FRANKFURT (Reuters) - German pilots’ union Vereinigung Cockpit has proposed fresh talks with Lufthansa management over early retirement benefits, a day after a court ruled a strike was unlawful because the union had overstepped its mandate.
The union and management have been locked in a long-running battle that has resulted in 13 strikes over 18 months. The dispute began over Lufthansa’s plans to scrap a scheme that allows pilots to retire at 55 and keep 60 percent of their pay before regular state pension payments start at the age of 65, and tensions worsened when Lufthansa started a low-cost expansion drive through its Eurowings operation.
The union said it had offered three days next week for talks with management and that the negotiations would focus on the early retirement benefits.
“This agreement has the highest priority for us and we look forward to constructive talks,” the union said on Thursday.
The focus on the retirement scheme comes after a judge at the federal state labour court in Frankfurt said on Wednesday that the union’s reason for the latest strike was to fight low-cost expansion.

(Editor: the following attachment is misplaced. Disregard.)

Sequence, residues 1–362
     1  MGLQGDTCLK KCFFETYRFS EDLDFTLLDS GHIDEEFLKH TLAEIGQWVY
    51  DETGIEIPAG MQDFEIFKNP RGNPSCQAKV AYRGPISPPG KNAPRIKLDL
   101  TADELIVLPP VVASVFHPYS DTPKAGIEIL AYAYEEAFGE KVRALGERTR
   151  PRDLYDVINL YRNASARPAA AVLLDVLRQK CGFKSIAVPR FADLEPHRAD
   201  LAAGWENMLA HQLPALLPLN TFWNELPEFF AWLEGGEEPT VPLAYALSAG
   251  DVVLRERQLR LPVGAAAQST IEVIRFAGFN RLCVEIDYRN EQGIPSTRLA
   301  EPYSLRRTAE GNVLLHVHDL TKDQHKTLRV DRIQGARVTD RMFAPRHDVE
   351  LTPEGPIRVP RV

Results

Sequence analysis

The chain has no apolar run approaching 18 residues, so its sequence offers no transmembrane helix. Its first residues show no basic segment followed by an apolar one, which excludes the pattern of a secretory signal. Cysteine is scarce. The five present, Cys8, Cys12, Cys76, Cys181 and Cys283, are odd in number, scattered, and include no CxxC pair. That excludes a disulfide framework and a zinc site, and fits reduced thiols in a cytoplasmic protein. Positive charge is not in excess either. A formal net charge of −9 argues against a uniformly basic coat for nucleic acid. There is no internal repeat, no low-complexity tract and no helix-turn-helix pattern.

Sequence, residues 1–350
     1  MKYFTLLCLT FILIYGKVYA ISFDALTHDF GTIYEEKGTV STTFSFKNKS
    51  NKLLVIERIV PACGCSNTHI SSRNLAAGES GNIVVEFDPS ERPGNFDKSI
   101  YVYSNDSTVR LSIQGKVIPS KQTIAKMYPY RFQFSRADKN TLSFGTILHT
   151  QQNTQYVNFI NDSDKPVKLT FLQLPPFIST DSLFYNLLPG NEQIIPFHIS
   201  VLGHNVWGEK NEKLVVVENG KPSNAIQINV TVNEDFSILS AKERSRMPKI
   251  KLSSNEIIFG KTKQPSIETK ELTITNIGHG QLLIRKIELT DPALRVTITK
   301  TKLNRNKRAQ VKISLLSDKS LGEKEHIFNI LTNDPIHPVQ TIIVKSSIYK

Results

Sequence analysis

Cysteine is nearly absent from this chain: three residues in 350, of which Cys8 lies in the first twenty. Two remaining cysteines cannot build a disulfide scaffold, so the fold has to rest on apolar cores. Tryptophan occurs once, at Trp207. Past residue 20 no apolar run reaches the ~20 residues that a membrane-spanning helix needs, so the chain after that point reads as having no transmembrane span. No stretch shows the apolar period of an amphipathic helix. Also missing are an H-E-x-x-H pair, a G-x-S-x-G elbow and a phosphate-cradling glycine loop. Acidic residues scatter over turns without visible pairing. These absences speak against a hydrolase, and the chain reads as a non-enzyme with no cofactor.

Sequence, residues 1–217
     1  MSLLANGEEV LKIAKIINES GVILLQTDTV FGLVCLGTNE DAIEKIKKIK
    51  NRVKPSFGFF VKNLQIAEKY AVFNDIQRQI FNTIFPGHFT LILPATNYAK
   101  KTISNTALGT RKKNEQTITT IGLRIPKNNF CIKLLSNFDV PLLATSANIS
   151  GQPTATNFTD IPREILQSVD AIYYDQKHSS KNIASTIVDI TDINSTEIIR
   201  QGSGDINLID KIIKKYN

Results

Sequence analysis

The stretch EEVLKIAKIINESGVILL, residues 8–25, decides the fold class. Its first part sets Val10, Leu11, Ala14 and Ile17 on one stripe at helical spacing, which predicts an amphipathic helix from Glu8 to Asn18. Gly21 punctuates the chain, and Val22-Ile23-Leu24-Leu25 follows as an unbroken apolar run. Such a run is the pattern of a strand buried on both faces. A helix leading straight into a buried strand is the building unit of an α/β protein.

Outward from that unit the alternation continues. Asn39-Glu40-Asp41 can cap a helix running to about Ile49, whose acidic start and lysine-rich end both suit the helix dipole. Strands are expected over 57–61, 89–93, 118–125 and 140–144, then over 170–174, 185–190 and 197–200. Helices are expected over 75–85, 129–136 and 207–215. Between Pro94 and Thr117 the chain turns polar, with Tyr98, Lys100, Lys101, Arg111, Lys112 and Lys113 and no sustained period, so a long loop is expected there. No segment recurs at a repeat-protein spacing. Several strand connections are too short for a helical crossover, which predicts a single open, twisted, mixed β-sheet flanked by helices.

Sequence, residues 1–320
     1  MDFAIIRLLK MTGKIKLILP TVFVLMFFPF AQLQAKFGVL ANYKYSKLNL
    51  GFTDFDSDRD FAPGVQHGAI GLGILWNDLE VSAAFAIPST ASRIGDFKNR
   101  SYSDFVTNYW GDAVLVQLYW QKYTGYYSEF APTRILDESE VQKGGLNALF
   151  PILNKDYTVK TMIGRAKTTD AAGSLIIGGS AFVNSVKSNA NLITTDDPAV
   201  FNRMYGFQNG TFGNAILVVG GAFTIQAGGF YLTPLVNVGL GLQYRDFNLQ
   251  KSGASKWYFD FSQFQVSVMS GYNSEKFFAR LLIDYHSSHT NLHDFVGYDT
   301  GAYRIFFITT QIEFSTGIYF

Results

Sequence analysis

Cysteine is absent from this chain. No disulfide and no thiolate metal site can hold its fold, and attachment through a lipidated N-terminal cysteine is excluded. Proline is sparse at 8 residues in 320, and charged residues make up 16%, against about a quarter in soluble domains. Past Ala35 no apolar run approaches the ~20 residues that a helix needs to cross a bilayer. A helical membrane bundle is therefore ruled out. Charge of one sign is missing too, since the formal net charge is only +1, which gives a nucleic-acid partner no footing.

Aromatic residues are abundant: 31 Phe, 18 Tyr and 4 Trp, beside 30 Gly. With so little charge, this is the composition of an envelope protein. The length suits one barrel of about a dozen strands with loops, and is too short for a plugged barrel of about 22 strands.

As the formal reason given by the union when it originally voted for strike action 18 months ago was the early retirement benefits, the judge said that Wednesday’s walkout -- the second day of a two-day strike that forced the cancellation of more than 1,000 flights -- was not justified.
“We’ll have a look to see if one of the proposed dates will work for us,” a Lufthansa spokesman said.
Industry watchers have applauded Lufthansa, Germany’s biggest airline, for standing its ground and pressing ahead with its plans despite the strikes.
The airline needs to lower costs to compete with fast-growing budget rivals such as Ireland’s Ryanair (RYA.I). Aviation analyst CAPA estimates that Ryanair’s costs are 60 percent below those of Lufthansa’s main brand.
While strikes normally receive public backing in Germany, the pilot strikes have been criticised in the media, with accusations that the pilots are trying to hang on to outdated privileges to the detriment of the company and other employees that have already agreed to cost cuts.
“Fortunately for passengers and the other 115,000 employees, who don’t enjoy the same benefits as the ladies and gentlemen of the skies, the judge sent the pilots back to the cockpit,” German conservative daily Frankfurter Allgemeine Zeitung said in an editorial.
Reporting by Peter Maushagen and Victoria Bryan; Additional reporting by Myria Mildenberger; Editing by Susan Fenton and David Goodman